Despite being one of the major creators of civil justice throughout the world, it is shameful that, with over 100 years passing since Judge Mathew gave us the famous phrase about the courts sharing the same door policy as the Ritz Hotel, that more and more people find themselves unable to afford justice.
Whilst Alternative Dispute Resolution (resolving disputes outside of court) has the potential to indeed make justice open to everyone like a Travelodge rather than the Ritz and the European Directive on Consumer ADR sets out to deliver, at least in consumer disputes, greater access to justice, the implementation to date in the UK has been nothing short of a car crash. Consider these facts :-
1. There is widespread non–compliance not only by SME retailers (who may be able to claim ignorance of the law – see 2) but major High St names like TK Maxx, John Lewis, PC World, Maplin, Virgin etc,
all companies who presumably employ staff to monitor and apply consumer law.
2. Despite many promises in private emails to the authors the responsible Government Department (BIS) has totally neglected to promote awareness amongst business. The senior official has stated they were being moved on to other matters.
3. Despite the high level of gross breach (failure by major companies to carry the mandatory link to the EU's ADR signposting platform and failure to notify complainants of an approved provider of ADR), there has been total neglect by the Chartered Trading Standards Institute to enforce through prosecution. A test case against a major brand would suffice to alert and encourage compliance by others.
4. The opportunity of the legislation to give to civil justice as a whole much needed encouragement of the far superior form of ADR that is mediation is being lost. If the public can begin to experience mediation in the busier field of consumer disputes, it would help more quickly embed mediation into our society’s vison of justice and make engagement in mediation for more complex disputes much more frequent. Instead by lumping mediation in with ombudsman style adjudication, a much less satisfactory process with at least one party, and often both, dissatisfied with the outcome, it lowers the satisfaction level of all forms of ADR. By applying/permitting the same audit fee barrier to approval under the Regulations, whilst overseeing and encouraging a ‘race to the bottom’ on fees, and, as a result, quality of service, with no explanation to business of the additional benefits of mutual, rather than imposed, solutions, CTSI/BIS are effectively discouraging improved forms of ADR and creating a barren market for the mediation providers.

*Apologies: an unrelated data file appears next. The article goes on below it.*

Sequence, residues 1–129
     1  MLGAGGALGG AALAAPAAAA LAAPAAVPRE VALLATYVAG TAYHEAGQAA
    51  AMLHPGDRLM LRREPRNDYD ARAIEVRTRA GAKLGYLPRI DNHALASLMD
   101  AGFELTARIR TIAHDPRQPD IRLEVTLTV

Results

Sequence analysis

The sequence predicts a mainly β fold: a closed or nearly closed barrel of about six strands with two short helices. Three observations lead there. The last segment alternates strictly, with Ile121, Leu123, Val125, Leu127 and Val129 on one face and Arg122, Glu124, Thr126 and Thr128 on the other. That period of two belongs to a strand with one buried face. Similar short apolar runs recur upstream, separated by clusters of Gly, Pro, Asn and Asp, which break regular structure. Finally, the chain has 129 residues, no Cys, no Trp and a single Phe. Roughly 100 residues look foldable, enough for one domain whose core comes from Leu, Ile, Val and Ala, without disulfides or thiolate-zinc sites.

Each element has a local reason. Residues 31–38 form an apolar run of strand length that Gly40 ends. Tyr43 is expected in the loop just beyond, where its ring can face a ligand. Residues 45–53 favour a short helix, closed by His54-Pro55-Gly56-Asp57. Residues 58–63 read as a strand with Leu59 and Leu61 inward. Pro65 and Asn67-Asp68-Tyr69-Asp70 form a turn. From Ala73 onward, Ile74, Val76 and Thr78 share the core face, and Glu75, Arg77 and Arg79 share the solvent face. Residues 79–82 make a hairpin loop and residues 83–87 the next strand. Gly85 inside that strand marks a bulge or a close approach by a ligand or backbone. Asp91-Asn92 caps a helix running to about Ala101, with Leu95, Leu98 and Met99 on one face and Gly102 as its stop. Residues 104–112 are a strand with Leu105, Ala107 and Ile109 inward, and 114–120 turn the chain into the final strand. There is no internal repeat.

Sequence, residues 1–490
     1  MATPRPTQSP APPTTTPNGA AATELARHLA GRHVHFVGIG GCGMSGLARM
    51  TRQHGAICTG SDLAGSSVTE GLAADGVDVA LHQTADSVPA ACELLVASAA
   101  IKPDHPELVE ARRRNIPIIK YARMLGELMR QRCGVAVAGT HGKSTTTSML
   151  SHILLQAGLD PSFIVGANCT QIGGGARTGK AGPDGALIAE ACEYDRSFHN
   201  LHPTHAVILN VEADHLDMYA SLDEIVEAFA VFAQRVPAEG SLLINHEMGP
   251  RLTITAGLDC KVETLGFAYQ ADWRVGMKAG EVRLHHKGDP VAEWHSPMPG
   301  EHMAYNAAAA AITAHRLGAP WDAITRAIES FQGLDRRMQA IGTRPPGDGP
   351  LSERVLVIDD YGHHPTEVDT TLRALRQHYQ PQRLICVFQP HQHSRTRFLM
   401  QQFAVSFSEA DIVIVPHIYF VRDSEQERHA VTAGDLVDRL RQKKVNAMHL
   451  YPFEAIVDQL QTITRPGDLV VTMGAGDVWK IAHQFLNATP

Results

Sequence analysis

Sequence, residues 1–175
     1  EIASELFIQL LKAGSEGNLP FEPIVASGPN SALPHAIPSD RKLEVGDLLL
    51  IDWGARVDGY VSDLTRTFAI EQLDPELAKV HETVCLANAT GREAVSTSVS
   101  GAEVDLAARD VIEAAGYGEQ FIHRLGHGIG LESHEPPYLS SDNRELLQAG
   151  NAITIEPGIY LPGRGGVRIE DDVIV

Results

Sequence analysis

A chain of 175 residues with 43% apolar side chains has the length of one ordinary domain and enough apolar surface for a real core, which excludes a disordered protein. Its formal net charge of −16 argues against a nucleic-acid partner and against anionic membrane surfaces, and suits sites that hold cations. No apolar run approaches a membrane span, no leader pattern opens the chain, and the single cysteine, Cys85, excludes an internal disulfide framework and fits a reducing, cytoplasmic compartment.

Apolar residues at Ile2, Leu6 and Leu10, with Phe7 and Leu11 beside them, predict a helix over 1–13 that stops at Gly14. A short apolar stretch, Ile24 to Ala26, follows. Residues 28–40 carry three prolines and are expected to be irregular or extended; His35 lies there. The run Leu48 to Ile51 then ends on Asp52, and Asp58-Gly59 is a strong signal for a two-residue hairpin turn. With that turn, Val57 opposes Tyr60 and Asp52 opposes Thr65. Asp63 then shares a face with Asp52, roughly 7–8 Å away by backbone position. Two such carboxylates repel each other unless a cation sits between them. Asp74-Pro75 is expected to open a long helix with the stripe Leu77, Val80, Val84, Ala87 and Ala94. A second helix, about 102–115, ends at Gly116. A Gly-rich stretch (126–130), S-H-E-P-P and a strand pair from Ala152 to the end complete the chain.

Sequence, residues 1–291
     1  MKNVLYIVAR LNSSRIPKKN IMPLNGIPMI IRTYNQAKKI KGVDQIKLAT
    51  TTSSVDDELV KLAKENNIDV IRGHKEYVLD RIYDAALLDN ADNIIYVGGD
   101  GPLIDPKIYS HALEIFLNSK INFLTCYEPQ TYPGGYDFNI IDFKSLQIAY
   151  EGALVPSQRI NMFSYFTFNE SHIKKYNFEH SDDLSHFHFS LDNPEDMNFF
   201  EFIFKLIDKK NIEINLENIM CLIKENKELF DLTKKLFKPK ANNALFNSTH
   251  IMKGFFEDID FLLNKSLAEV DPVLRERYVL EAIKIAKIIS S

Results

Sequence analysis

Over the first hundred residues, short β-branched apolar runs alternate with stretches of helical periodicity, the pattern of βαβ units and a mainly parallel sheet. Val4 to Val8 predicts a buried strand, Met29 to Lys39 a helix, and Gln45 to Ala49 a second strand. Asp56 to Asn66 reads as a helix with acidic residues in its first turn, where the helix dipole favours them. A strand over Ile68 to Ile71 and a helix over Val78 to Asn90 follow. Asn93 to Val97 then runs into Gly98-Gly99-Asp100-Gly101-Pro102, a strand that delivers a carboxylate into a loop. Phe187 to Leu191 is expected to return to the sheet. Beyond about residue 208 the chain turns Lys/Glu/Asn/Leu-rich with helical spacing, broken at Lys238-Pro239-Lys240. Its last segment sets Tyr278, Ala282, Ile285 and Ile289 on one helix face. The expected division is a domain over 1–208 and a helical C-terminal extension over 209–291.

5. The failure to take up the opportunity permitted by the EU to make participation in ADR mandatory on business, and thus reduce the above negative impact, is another lost opportunity. Instead the very trust that the Regulations were intended to generate in consumer purchasing throughout Europe is threatened. If a business complied and placed the link to the EU’s ODR platform, a prospective purchaser would be encouraged to buy from that company rather than from another website that did not contain the link. Imagine what the consumer will think when, after finding a problem with the product or service, and remembering the link and clicking on it and completing the complaint form, he is then informed that the business does not wish to participate in ADR. He will, understandably, feel that the trust he had placed in that company, because of the link to the EU’s platform, had been betrayed. At the very least, we should be requiring UK companies to state on their website, alongside the link, whether or not they will comply. We have experienced this reluctance to participate on numerous occasions with big name companies including Sainsbury's and Debenhams.
6. Both BIS and the European Commission have their heads in the sand and are refusing to discuss the problem that, following Brexit, the hyperlink that UK companies will be still required to carry under UK law would point to a platform that could no longer refer consumers out to the UK based ADR providers.
However damaging it may be, a car crash is cleared up fairly speedily and repairs carried out. This car crash however is being left to remain in the middle of the road as we are all forced to drive around it. Imagine, however, the saving of public cost of the small claims track of the civil court, if this law was properly operated. Furthermore, think of the benefits to business of increased sales to consumers who have demonstrated through buying patterns (see the clear evidence of the economic benefits to business as revealed in this study based not on opinion but on actual consumer activity) that they prefer to buy from websites on which the sellers willingly participate in accessible forms of ADR.